The head of the MS Center at Methodist Hospitals and assistant professor of neurology at Indiana University discusses the factors that affect the clinical care of LGBTQ+ patients with MS. [WATCH TIME: 4 minutes]
WATCH TIME: 3 minutes
“Right now, here in America, it’s a very unique situation all of a sudden where there are people who are wanting to strip away the rights of certain Americans, and it’s a very scary time, especially for the trans community. So, therefore, having a platform like this, at a national conference, is really important to help educate other neurologists on this topic.”
Stress has often been shown to affect the outcomes of patients with neurologic disease, often contributing to the severity of symptoms and patients’ ability to manage them. Among the LGBTQ+ community, this is no different. Like other minority groups, direct and indirect stressors can often complicate disease for those in the LGBTQ+ community with multiple sclerosis (MS). At the 2023 American Academy of Neurology (AAN) Annual Meeting, April 22-27, in Boston, Massachusetts, a number of sessions were focused on this complexity of the care paradigm and sought to provide education on how these patients can be best treated.
William L. Conte, MD, MS, head of the MS Center at Methodist Hospitals and an assistant professor of neurology at Indiana University, has spent a long time focused on how to improve outcomes for the LGBTQ+ community with MS, which has proven particularly challenging, as the existing literature pool is shallow. In a conversation with NeurologyLive® at AAN, Conte offered his perspective on the challenges faced by these patients and the critical need for neurologists to gain a better understanding their clinical care.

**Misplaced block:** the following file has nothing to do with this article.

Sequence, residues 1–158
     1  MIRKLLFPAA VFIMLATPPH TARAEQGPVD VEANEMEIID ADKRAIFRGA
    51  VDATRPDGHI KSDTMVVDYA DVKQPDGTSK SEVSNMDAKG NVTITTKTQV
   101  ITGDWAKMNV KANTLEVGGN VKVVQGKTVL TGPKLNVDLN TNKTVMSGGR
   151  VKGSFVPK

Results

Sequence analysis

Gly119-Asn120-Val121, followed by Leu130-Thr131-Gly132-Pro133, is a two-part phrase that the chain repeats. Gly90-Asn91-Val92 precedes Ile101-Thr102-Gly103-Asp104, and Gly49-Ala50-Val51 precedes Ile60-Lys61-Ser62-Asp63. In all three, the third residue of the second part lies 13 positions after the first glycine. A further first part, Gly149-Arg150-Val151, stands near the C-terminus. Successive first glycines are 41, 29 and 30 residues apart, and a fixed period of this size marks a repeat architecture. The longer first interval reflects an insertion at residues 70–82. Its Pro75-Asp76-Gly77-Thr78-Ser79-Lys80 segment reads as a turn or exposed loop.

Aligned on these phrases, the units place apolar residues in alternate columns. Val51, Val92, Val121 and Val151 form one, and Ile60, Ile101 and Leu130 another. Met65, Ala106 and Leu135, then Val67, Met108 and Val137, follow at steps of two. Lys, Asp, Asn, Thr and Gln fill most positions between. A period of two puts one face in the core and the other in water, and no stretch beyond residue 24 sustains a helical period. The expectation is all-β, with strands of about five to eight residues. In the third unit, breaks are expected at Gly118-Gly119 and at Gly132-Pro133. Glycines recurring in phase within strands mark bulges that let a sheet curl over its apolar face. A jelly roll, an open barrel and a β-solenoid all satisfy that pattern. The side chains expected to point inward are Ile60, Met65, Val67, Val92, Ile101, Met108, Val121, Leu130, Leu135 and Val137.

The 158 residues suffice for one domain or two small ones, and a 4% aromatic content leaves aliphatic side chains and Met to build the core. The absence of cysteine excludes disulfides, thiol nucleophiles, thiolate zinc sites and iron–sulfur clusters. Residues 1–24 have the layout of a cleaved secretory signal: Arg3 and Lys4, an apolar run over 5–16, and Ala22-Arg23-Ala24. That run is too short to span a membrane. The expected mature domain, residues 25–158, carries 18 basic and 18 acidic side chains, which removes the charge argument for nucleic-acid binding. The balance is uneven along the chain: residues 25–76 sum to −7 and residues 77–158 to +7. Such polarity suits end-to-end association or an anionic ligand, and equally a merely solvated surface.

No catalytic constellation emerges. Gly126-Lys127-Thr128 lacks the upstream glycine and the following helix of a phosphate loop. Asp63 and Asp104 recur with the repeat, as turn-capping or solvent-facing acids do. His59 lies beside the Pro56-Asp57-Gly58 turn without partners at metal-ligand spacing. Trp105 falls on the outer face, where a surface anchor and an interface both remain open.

Conte spoke to a number of aspects of the care for these patients, from the factors that can influence clinical outcomes and symptom exacerbation to the use of proper terminology and understanding of identity. He additionally shared insight into the importance of connecting with these individuals on not only their potential struggles with their diagnosis, but with their exploration of their identity, and how those facets can interplay off one another—in particular, citing a 2021 work from Anderson et al1 that has suggested that LGBTQ+ patients with MS can often have difficulties assimilating with both of these identifying groups, creating a challenge for them to acquire the social support they made need.